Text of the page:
After the parade we went into the grounds and went up in the Ferris wheel so we could have an ‘overview’ of the whole Oktoberfest. Pretty impressive (oops I used that word again!). There were sooooo many people! We could also see the Bavarian Alps from the top of the Ferris wheel too, which was pretty cool. It was an extremely clear, sunny day.
After having what Christine calls a ‘typical Oktoberfest lunch’ consisting of fried chicken and a big pretzel we then headed back home. So although it wasn’t what you’d expect from a trip to Oktoberfest, I actually had a pretty good time.
The second time I went I was actually going to meet up with a friend from UWA who had just completed a semester of exchange in Freiburg (like what I’m currently doing) and was about to start another exchange semester in Tübingen. Except she never got in contact with me, so I just went on a few rides and then just observed people.
A young boy in Lederhosen
I actually really love lederhosen - they look pretty comfy!
It was very interesting just watching people. There are so many different people from all over the world that make the ‘pilgrimage’ to Oktoberfest. I heard a fair few Aussie accents! :D
The only other exciting thing that I did during my time back at the ‘base’ was go to the ‘Deutsches Museum’. This has to be one of the coolest museums I’ve been to, and remember I’ve been to a fair few! :D It is also, however, one of the biggest. So if you want to see everything in it, you either have to go when it opens and then leave when it closes. But even then you may not see everything unless you just skim over everything. The second option is to go more than once. I think I might have to go back. But then I didn’t really intend to go the day I went, so I didn’t allocate the proper amount of time. :D I just spontaneously decided to go into the city of Munich one day when all the Schäfers were at work or school and then found myself on the same street as the ‘Deutsches Museum’, so I thought I should go in. They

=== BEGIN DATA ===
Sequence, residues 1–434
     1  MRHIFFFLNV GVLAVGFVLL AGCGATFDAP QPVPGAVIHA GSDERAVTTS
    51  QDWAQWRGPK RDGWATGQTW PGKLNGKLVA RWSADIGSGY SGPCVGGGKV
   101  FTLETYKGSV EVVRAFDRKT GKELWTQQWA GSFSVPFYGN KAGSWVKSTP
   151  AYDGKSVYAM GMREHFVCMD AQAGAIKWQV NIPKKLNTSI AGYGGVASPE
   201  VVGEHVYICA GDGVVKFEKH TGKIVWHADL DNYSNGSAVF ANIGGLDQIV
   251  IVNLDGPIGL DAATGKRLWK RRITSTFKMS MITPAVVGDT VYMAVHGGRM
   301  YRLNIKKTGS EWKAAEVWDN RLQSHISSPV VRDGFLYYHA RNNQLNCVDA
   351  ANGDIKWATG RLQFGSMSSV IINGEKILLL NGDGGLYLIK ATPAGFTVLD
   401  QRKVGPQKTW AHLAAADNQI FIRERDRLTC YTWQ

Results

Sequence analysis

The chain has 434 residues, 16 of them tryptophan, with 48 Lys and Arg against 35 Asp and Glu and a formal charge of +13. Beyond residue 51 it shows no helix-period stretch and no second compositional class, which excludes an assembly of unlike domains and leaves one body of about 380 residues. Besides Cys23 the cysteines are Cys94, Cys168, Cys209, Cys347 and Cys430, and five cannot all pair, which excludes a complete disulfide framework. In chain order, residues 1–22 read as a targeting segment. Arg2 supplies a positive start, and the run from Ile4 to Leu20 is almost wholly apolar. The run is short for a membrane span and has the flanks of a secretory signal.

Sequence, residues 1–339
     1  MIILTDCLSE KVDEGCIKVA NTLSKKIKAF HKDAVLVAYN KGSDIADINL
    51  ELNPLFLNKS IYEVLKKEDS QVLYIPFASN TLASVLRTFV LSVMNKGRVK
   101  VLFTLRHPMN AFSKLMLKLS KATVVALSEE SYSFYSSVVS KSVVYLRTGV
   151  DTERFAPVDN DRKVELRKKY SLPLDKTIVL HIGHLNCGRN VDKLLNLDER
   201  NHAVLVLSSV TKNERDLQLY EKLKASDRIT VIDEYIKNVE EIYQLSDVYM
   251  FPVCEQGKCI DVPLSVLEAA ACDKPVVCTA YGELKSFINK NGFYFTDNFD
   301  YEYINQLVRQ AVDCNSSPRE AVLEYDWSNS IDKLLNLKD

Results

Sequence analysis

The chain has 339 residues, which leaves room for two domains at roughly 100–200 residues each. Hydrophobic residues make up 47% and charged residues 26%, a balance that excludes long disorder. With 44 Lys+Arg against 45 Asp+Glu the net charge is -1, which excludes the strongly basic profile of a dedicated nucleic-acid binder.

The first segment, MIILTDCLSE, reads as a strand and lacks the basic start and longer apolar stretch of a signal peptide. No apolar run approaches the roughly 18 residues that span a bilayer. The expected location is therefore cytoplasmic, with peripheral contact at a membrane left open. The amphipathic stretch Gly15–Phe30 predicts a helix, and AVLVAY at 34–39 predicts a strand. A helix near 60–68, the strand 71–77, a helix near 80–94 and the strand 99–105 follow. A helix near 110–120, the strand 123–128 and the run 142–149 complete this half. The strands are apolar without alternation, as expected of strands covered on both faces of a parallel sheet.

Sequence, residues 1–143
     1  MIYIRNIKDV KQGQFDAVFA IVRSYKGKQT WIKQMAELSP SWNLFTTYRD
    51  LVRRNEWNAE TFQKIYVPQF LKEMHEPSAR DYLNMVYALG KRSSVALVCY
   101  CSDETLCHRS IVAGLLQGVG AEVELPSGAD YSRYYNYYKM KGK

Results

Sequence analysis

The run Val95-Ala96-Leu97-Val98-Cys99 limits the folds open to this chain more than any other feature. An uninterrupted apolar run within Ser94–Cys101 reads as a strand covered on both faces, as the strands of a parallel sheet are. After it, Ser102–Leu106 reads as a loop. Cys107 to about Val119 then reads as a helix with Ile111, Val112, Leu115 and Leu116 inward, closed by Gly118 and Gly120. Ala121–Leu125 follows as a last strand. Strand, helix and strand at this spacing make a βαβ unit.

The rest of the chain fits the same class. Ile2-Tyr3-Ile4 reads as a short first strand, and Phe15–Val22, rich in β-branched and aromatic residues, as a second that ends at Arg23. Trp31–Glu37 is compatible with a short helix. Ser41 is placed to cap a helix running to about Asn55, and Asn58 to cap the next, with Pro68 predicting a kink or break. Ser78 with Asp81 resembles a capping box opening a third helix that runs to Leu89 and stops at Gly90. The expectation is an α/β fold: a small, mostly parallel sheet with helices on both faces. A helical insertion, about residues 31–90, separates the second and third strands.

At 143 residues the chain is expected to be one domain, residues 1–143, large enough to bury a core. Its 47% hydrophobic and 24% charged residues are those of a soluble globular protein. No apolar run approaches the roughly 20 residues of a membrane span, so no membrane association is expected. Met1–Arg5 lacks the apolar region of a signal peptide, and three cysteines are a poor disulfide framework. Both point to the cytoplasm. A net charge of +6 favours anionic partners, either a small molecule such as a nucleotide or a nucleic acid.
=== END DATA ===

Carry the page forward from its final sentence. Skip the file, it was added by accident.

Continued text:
The Hofbräuhaus float
This is Munich's world-famous beer brew